Luzerne County taxpayers must come up with a projected $8.8 million next year to keep the county employee pension fund stable, officials say.
County officials have said they won't be able to pay another $7.7 million subsidy owed this year on time because of an inherited payment delay.
County Retirement Coordinator Rick Hummer said the actuary also expects future taxpayer contributions to hover around $8 million annually.
It should be close to that the next few years unless there's a dramatic change in the market, Hummer said.
Shoring up is necessary to close a shortfall that started developing years ago, officials have said.
The fund relies on investment earnings and employee contributions to cover present and future obligations. Taxpayers must pick up the slack when revenue falls short because the pensions are guaranteed by law.
The gap between fund assets and future liabilities was projected at around $50.7 million in 2010.
Hummer said the fund deficit was whittled down to $37.7 million as of the end of 2011, and he has not received more recent projections.
Pension subsidies have become the county norm since 2002, when the first contribution in more than a decade -- $313,000 -- was prescribed by the pension fund actuary.
The subsidy increased to $5.4 million in 2003 and hovered around that amount until 2007, when it dropped to $3.9 million. It stayed about the same -- $3.4 million -- in 2008 before rising to $8.4 million in 2009 and $9 million in 2010.
State funding covers a portion of this cost in some offices, such as human service branches and 911.
Most of last year's $7.1 million subsidy was pushed off to this year because the county ran out of money, and the $7.7 million 2012 contribution isn't expected to be paid on time either.
County Manager Robert Lawton has said he does not know when the county will be financially equipped to pay its annual pension fund subsidy in the year it is due because it will take time to correct an inherited payment delay.
Lawton could not be reach for comment on Monday on how much of this year's subsidy is still owed and whether the rest from 2011 has been paid.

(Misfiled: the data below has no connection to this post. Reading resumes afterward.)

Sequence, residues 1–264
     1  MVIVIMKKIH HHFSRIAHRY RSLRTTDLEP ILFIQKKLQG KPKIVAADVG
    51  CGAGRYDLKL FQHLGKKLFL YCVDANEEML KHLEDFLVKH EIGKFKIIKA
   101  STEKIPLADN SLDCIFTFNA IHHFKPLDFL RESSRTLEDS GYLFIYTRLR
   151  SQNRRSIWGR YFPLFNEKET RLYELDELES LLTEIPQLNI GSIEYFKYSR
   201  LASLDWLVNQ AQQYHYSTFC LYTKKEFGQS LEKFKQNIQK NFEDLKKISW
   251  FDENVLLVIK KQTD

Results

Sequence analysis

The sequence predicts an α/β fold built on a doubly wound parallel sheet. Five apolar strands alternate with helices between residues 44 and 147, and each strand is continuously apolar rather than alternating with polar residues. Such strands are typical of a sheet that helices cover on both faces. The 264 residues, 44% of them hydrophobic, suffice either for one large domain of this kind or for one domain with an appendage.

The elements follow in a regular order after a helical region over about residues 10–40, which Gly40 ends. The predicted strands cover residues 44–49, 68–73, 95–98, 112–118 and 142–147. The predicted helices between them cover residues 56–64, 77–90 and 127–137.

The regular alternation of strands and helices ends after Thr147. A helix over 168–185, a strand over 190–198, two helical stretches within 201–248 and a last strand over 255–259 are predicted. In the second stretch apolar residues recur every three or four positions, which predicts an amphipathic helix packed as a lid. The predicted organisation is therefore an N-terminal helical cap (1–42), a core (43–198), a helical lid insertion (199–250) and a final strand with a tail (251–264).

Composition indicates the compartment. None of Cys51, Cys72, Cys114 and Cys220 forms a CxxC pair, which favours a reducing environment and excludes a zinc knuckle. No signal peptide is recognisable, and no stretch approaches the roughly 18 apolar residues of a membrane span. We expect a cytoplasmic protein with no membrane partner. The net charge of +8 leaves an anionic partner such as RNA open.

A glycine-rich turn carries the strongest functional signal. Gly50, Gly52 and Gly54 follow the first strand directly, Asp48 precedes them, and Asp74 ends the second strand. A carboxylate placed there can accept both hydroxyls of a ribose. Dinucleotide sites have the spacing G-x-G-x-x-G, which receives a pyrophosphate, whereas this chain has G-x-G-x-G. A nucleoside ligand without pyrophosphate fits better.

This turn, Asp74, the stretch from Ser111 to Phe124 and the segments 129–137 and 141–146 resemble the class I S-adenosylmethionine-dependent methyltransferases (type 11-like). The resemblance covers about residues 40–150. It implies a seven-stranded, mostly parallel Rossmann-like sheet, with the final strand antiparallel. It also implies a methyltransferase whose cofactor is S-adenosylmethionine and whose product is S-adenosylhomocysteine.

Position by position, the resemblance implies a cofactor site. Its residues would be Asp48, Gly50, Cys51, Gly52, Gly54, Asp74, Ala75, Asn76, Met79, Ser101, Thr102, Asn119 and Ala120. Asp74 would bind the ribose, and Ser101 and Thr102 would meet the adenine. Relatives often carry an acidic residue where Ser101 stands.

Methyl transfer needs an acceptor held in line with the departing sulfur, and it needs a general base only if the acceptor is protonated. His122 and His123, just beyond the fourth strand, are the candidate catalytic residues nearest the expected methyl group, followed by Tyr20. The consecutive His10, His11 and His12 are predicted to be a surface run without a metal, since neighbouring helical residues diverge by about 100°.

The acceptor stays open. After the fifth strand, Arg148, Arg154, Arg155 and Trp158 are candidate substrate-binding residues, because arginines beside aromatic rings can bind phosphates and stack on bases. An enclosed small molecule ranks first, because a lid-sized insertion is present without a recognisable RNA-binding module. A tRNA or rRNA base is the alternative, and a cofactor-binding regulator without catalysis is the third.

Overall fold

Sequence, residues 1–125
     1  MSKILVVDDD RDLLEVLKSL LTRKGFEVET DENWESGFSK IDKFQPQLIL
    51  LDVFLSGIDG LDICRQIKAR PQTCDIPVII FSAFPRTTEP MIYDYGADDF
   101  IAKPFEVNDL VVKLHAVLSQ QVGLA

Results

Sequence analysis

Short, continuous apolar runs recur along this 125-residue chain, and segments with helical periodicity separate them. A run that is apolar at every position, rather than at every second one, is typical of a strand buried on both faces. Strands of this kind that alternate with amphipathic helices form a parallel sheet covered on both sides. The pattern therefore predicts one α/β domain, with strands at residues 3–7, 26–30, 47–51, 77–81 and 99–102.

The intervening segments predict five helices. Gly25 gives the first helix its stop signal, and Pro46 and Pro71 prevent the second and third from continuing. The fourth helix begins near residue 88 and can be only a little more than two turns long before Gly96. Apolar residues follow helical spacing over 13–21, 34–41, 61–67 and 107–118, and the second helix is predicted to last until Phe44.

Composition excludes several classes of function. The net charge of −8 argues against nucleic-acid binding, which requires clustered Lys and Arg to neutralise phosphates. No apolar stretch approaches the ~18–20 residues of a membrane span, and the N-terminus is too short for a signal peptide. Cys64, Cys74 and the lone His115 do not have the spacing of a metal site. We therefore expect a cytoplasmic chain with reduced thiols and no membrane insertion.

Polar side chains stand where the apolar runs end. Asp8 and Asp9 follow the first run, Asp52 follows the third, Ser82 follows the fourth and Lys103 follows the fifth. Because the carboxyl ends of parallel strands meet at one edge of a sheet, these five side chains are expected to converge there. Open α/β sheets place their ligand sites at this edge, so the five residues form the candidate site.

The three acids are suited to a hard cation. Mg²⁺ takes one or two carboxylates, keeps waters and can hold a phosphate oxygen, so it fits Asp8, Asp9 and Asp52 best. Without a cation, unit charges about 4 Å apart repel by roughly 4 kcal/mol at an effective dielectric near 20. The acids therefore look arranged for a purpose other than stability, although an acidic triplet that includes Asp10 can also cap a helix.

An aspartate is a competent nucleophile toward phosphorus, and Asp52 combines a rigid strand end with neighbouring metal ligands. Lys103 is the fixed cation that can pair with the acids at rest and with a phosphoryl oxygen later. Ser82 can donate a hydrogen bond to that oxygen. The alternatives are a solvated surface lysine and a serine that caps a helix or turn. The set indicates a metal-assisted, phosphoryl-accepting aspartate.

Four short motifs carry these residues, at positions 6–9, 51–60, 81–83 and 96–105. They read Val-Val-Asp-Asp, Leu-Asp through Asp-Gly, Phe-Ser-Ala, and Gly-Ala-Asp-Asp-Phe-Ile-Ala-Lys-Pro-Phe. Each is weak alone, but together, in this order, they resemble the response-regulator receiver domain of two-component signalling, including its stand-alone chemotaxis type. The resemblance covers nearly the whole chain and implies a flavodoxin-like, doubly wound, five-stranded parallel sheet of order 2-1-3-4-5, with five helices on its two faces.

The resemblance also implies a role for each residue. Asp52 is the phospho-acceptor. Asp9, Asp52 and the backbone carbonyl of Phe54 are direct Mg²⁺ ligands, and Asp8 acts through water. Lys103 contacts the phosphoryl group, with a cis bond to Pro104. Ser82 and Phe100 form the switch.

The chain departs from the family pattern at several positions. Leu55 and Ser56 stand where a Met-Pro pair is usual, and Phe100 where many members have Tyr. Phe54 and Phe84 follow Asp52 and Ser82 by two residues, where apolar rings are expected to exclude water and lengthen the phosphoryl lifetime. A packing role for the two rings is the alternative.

The fund misses out on potential investment earnings when the money arrives late, officials say.
Council Chairman Tim McGinley, a member of the retirement board overseeing the fund, said county workforce reductions have lowered employee contributions into the fund. More employees also are choosing to take reduced pensions earlier, he said.
There are two factors working against the fund – fewer contributing and more starting to retire, he said.
The fund spent about $15.5 million in 2011 on pensions to roughly 1,100 retirees, Hummer said.
Another 190 former employees are eligible to receive pensions in the future, and 1,652 employees were paying into the system as of Jan. 1, he said.
County officials have praised fund advisor Morgan Stanley Smith Barney for recommending investments to rebuild the fund, which was valued at $203.5 million as of the end of November. The fund was worth $151 million when the company took over as advisor in September 2008.
But they have a lot to overcome. There was a big deficit to start with, McGinley said.
Luzerne County Controller Walter Griffith said he has obtained an opinion from the state that $1.4 million in 911 funds can't be borrowed to help with the county's cash-flow problem.
The administration had planned to ask council to vote tonight on the 911 borrowing because the county faces a $6 million cash shortfall this year, blamed primarily on delays receiving state reimbursement for the Children and Youth department.
Council Chairman Tim McGinley said he will ask the administration for an update on other options at tonight's meeting, which starts at 6 in the county's Emergency Management Agency building, Water Street, Wilkes-Barre.